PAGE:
One of the pleasures of a superstar vocal recital is the often offbeat repertoire in which the singer can indulge. For her Celebrity Series of Boston appearance Sunday afternoon at Symphony Hall, Deborah Voigt, who’s built a career as a powerhouse dramatic soprano in the works of Wagner and Richard Strauss, eschewed operatic arias in favor of art songs by Amy Beach, Tchaikovsky, and Strauss and then cabaret and musical-theater numbers by Americans Ben Moore, William Bolcom, and Leonard Bernstein.
Voigt has a sense of humor. The black dress she came out in made reference to the worst moment of her career, when she was adjudged too large to wear the black cocktail dress deemed essential to the 2004 Royal Opera House production of Strauss’s “Ariadne auf Naxos.” Notably thinner these days, she explained that she’d started off with Beach’s “The Year’s at the Spring” because “we’re all just sick of winter.” She hadn’t performed the two Tchaikovsky songs since winning the gold medal at the International Tchaikovsky Competition in 1990; she was singing them now, she said, because “we all get better with age.” For the second half of the program, she appeared in a white, dolmen-sleeved dress, twirling for the audience’s approval.
I wish she had brought the same lightheartedness to her singing. At 53, she can be a bit brash at the top of her decibel range and a bit whispery at the bottom. A less operatic approach — and less forthright accompaniment from her pianist, Brian Zeger — might have brought out more of the words. It didn’t help that the program provided no texts for the second half of the afternoon, not even identifying those of the Moore songs as having been written by Elizabeth Bishop, Robert Herrick, and James Joyce.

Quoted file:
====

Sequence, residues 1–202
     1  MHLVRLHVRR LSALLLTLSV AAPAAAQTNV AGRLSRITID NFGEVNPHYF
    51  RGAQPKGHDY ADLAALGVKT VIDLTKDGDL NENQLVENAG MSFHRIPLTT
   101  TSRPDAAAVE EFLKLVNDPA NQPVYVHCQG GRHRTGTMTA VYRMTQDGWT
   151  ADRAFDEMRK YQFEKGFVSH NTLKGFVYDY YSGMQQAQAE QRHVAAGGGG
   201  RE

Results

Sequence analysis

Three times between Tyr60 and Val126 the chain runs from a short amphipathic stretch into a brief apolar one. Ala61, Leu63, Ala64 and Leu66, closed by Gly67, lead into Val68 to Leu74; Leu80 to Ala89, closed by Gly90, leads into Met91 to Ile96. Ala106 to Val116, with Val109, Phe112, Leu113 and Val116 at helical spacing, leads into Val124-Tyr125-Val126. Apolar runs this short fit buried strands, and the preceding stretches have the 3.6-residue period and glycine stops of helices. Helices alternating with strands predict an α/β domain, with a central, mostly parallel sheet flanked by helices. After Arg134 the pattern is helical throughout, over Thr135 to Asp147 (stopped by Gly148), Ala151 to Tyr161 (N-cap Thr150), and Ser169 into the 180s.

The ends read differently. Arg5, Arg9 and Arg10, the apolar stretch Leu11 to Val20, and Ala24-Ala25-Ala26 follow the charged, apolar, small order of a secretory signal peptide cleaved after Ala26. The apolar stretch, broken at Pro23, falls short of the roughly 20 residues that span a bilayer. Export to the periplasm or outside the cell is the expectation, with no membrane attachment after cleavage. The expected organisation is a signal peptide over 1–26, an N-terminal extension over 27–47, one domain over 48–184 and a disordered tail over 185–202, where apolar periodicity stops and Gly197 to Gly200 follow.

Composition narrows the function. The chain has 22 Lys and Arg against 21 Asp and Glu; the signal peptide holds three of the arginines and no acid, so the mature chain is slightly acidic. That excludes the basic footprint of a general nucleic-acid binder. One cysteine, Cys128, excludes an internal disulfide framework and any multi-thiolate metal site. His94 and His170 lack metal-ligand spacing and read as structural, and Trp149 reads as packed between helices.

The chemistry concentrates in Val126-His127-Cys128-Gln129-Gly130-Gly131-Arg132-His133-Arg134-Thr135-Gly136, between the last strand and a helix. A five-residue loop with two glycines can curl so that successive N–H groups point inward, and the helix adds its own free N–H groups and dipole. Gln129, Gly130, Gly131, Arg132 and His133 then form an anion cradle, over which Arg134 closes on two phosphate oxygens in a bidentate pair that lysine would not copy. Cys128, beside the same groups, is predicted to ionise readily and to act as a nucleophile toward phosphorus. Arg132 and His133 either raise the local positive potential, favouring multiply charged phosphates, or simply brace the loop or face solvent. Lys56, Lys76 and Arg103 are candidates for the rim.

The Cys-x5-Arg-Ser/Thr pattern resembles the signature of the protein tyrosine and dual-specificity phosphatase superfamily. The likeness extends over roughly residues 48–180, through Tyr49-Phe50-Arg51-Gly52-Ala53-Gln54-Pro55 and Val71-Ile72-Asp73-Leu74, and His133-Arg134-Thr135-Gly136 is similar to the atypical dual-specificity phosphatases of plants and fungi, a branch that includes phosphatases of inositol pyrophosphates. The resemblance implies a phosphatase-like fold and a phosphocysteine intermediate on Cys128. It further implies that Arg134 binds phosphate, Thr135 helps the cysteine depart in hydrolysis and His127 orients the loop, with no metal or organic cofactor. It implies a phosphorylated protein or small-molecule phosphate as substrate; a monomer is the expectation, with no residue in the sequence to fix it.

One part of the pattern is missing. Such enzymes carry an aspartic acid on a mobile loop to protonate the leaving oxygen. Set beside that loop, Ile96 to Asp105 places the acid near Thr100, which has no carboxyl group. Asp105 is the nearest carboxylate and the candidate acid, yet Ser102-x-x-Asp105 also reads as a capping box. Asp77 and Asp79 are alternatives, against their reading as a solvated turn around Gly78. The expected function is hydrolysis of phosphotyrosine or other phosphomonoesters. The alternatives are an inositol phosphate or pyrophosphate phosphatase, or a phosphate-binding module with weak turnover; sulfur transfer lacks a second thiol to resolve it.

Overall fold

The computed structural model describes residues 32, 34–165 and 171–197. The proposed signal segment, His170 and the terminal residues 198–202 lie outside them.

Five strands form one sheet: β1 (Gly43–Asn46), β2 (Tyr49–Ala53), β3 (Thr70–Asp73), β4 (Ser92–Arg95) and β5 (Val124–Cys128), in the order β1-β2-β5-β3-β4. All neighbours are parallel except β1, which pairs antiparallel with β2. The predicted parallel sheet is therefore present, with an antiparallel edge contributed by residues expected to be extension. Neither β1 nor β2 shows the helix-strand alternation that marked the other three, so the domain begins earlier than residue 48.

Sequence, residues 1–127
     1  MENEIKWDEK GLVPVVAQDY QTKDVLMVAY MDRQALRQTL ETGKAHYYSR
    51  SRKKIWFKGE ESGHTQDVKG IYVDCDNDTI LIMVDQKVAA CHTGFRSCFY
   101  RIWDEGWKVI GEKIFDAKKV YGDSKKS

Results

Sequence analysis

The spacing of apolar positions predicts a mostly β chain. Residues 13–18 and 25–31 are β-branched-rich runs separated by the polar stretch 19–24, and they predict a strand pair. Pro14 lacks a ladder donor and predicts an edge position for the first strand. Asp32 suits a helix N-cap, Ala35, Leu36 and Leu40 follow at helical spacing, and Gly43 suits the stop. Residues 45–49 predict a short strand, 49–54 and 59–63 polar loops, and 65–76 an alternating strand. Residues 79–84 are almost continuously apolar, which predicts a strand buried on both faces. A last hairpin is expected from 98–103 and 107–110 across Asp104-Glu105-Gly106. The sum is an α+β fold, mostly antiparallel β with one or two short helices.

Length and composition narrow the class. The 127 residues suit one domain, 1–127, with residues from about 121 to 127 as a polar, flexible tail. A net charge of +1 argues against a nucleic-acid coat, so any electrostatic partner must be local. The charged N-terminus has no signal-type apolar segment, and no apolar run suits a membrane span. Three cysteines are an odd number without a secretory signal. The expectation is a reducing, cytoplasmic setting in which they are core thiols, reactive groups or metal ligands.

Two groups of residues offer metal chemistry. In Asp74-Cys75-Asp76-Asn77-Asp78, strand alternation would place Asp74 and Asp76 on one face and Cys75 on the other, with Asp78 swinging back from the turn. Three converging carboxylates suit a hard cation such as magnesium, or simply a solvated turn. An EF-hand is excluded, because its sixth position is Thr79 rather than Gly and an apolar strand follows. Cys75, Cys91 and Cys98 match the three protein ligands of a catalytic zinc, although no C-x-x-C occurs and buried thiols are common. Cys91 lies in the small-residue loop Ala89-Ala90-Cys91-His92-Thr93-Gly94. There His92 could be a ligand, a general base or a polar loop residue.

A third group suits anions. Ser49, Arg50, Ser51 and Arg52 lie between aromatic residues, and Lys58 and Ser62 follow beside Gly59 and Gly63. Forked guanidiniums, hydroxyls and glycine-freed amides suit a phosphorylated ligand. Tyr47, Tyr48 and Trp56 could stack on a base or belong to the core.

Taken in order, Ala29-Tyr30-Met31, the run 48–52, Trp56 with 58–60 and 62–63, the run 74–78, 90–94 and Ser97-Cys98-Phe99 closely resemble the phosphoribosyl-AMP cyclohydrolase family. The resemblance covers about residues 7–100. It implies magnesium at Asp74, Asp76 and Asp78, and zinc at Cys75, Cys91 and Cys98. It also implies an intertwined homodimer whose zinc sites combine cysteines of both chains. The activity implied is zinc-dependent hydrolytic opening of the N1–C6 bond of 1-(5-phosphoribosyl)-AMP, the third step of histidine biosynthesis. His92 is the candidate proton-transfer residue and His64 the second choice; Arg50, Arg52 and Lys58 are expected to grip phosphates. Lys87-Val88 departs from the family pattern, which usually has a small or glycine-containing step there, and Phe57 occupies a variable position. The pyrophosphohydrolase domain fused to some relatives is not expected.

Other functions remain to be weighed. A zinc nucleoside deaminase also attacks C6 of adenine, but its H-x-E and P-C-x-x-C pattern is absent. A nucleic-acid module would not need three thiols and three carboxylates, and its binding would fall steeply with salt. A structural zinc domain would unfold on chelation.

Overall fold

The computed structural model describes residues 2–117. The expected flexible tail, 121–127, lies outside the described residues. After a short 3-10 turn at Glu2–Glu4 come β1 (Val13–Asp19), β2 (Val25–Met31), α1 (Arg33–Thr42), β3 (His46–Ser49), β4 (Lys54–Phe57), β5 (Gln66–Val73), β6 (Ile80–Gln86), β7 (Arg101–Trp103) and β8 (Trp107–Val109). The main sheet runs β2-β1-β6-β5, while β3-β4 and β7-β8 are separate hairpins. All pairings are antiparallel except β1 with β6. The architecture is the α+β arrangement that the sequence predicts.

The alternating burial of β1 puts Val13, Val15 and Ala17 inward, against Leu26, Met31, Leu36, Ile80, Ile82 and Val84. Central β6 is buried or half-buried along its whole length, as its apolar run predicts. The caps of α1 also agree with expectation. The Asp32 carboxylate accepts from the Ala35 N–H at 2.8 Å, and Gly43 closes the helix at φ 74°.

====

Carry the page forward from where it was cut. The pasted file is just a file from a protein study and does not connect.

DEBORAH VOIGT, Presented by Celebrity Series of Boston
The words that were audible weren’t always the right ones: “Somewhere,” from “West Side Story,” ended on “somehow.” But Voigt sang with deep feeling, especially on Strauss’s “Zueignung,” and she was a deft comic actress, blowing a kiss to the audience at the end of Bernstein’s “Another Love,” clowning and mugging through Bolcom’s “George,” “Toothbrush Time,” and “At the Last Lousy Moments of Love.” During her first encore, Irving Berlin’s “I Love a Piano,” she swooned against Zeger’s Steinway before joining him on the bench to play a duet, more than holding her own. Then she finished with Jerome Kern’s “Can’t Help Lovin’ Dat Man.” The voice might have been too big for the song, but it was still a pleasure to hear.